Developing cannabis-based therapeutics

Minister for Health Jill Hennessy Chairperson of the new Independent Medical Advisory Committee, Professor James Angus AO, and Premier Daniel Andrew

Please note: Images in this article were taken before current COVID-19 safety measures were in place.

First Victoria led the way in Australia to establish a regulatory framework for stem cell research. Now, Melbourne is at the forefront of developing therapeutics from cannabis.

The first cannabis crop grown by the Department of Economic Development, Jobs, Transport and Resources has now been harvested, with plans to run clinical trials on the efficacy of a drug derived from the plants on children with epilepsy.

It follows horticultural trials conducted in 2016 and the establishment of the Office of Medicinal Cannabis and the new Independent Medical Advisory Committee, led by chairman Professor James Angus.

Premier Daniel Andrews said he wanted to see an end to needless child suffering: “Right now we have parents making the heartbreaking decision between breaking the law and watching their child suffer—and we are changing that forever,” he said.

“We are delivering on our promise to give access to medicinal cannabis as soon as possible because we know it can change lives.”

Unofficial trials are already delivering hope

Professor Angus said desperate parents around the world have been turning to illegal sources of medicinal cannabis to arrest their children’s suffering.

Now there is official research backing up these claims, and Professor Angus is confident that this year’s trial would pave the way for an effective drug for Australian children.

“There is some parental evidence that for their children, the number of epileptic fits are reduced, the severity is reduced,” he said.

“We are still waiting on the evidence before we can really go ahead, and that needs to be done through these properly controlled clinical trials.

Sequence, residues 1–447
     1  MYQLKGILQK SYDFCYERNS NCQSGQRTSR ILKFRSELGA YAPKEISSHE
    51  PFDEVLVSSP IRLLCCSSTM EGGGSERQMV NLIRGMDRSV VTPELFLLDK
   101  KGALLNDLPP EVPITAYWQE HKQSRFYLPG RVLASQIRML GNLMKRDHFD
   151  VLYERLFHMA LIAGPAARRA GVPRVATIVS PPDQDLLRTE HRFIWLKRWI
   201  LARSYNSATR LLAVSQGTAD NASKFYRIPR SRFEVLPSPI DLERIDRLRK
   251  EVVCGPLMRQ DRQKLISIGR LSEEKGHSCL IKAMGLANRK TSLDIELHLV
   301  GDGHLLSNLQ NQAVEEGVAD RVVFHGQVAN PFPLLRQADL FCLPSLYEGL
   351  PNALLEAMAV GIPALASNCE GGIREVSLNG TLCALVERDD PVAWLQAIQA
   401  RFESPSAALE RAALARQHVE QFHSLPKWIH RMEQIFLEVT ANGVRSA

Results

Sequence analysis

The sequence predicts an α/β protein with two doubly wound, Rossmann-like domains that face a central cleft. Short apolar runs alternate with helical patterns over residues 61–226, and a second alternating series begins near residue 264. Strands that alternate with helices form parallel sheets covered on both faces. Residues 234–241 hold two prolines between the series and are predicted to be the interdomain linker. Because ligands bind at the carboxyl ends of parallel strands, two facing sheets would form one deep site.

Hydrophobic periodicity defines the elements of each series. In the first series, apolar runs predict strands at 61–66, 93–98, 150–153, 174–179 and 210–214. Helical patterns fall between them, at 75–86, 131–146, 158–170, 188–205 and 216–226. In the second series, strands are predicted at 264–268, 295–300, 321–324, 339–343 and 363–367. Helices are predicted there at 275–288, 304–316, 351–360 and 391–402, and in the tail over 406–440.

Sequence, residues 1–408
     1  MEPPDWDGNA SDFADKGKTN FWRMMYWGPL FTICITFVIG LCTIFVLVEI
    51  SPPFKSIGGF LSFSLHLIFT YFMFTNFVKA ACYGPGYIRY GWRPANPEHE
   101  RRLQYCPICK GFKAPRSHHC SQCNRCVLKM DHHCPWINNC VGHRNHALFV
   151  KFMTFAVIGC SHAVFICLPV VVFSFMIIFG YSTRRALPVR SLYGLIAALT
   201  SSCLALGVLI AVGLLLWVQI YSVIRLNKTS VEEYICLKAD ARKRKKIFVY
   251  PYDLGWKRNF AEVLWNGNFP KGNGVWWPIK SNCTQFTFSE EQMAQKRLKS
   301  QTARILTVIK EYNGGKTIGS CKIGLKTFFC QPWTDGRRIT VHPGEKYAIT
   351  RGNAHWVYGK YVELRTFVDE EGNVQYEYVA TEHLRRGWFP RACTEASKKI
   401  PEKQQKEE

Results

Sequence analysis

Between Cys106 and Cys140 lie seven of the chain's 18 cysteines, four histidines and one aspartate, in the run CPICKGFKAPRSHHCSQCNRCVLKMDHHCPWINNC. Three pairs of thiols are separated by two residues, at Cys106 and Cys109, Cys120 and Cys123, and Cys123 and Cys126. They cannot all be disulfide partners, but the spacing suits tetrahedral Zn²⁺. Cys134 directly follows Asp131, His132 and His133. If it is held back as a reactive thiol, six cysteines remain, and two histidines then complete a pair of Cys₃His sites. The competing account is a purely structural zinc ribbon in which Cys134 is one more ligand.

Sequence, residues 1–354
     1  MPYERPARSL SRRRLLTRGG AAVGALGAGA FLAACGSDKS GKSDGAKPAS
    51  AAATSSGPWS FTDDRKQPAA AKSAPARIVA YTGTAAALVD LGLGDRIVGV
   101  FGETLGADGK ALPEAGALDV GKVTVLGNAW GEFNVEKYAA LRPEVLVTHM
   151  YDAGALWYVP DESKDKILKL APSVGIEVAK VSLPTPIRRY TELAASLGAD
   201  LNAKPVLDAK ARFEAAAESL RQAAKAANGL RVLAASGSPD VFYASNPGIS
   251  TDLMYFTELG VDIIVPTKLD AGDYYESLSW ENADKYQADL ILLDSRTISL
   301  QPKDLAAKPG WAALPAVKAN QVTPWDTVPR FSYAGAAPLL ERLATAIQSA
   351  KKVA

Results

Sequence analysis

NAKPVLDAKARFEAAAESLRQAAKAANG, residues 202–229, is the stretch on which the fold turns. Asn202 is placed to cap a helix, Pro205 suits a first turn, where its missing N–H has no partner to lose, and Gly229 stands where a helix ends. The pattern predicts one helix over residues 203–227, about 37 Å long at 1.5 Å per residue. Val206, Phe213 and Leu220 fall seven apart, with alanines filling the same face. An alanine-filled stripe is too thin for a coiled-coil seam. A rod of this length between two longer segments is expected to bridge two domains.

“We also need to ensure that the product that they are using is consistent, is of very high quality and that we know the composition. For epilepsy, the evidence is that we want as little THC as possible, and it should be mainly cannabidiol of a very high percentage.

“Therefore, there should be no psychosis associated with this particular therapy for epilepsy.”

Victoria leading the way in medical research once again

Minister for Agriculture Jaala Pulford said the harvesting process that has led to the clinical trials shows that Victoria is once again at the front of medical research in Australia.

“Our cannabis horticultural trial is on-track to deliver this life-changing product to those who need it the most. Victoria continues to lead the way in this space with our Australian-first medicinal cannabis horticultural trial,” she said.

And Professor Angus said the clinical trials showed the government had listened to the pleas of people desperate for the research to go ahead.

“I would say at the moment it’s a start,” he said. “There are many, many patients out there and their carers who think that medicinal cannabis might be an effective second or third line treatment. But we have to be very careful to ensure that it is safe, effective and a quality product.

“It is a medicine and we need to emphasise that. It’s not just a nutraceutical or an add-on benefit that may do some good, but also do some harm.”